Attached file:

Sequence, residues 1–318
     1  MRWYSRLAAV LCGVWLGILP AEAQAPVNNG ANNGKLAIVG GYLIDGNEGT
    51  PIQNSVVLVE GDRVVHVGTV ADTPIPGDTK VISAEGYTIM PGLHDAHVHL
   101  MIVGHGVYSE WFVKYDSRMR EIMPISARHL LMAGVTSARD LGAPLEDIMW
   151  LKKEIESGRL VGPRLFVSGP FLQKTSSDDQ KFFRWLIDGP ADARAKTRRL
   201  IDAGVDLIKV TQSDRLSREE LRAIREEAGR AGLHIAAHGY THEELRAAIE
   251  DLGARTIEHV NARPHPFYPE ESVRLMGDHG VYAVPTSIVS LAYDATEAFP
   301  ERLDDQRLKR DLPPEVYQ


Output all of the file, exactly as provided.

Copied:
Sequence, residues 1–318
     1  MRWYSRLAAV LCGVWLGILP AEAQAPVNNG ANNGKLAIVG GYLIDGNEGT
    51  PIQNSVVLVE GDRVVHVGTV ADTPIPGDTK VISAEGYTIM PGLHDAHVHL
   101  MIVGHGVYSE WFVKYDSRMR EIMPISARHL LMAGVTSARD LGAPLEDIMW
   151  LKKEIESGRL VGPRLFVSGP FLQKTSSDDQ KFFRWLIDGP ADARAKTRRL
   201  IDAGVDLIKV TQSDRLSREE LRAIREEAGR AGLHIAAHGY THEELRAAIE
   251  DLGARTIEHV NARPHPFYPE ESVRLMGDHG VYAVPTSIVS LAYDATEAFP
   301  ERLDDQRLKR DLPPEVYQ